Tuesday, November 08, 2016

The timeless Talmud

THIS WEEK'S DAF YOMI COLUMN BY ADAM KIRSCH IN TABLET: Need a Reason to Hope This Campaign Season? Try the Timeless Talmud. Can it get any worse? Yes, yes, it can, a lot worse, but the continuity of learning in the ‘Daf Yomi’ cycle has remained unbroken for 2,000 years.
But then, perhaps this bad time is exactly the right time for Talmud. The Talmud cannot teach us how to resist our enemies—that requires a different kind of knowledge and skill. But there is something reassuring about the very remoteness of the rabbis from contemporary politics, and from politics in general. It has been nearly 2,000 years since Yehuda HaNasi compiled the Mishna, and in that time the Jewish people have been through much worse ordeals than the ones we are facing in America today. Yet the links in the chain of study have never been entirely broken. Judaism has passed through many places and forms, and there is no reason to think that the American phase of the Jewish story will last forever. But the Talmud does last, and by reading it I have the sense of participating in something, if not timeless, then as close to it as human beings can get.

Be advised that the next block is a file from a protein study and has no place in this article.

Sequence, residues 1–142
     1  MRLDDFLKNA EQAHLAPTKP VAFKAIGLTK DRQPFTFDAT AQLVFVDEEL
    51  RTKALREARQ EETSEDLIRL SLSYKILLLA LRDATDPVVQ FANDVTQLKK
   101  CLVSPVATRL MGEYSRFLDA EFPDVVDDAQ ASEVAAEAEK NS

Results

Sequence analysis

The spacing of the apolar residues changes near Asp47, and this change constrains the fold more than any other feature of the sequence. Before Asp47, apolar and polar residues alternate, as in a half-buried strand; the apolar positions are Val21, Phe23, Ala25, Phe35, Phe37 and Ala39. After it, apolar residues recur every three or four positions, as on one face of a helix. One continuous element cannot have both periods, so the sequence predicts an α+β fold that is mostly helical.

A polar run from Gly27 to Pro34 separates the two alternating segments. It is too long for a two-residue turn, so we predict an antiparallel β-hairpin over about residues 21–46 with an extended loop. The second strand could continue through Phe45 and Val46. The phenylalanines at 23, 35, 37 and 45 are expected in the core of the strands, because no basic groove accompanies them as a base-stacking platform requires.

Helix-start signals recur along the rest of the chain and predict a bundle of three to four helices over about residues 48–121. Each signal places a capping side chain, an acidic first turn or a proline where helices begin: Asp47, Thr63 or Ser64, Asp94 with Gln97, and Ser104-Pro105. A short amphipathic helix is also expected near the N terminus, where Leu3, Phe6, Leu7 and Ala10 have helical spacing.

The column is actually on chapter three of Tractate Bava Metzia, for which follow the link.

Earlier Daf Yomi columns are noted here and links.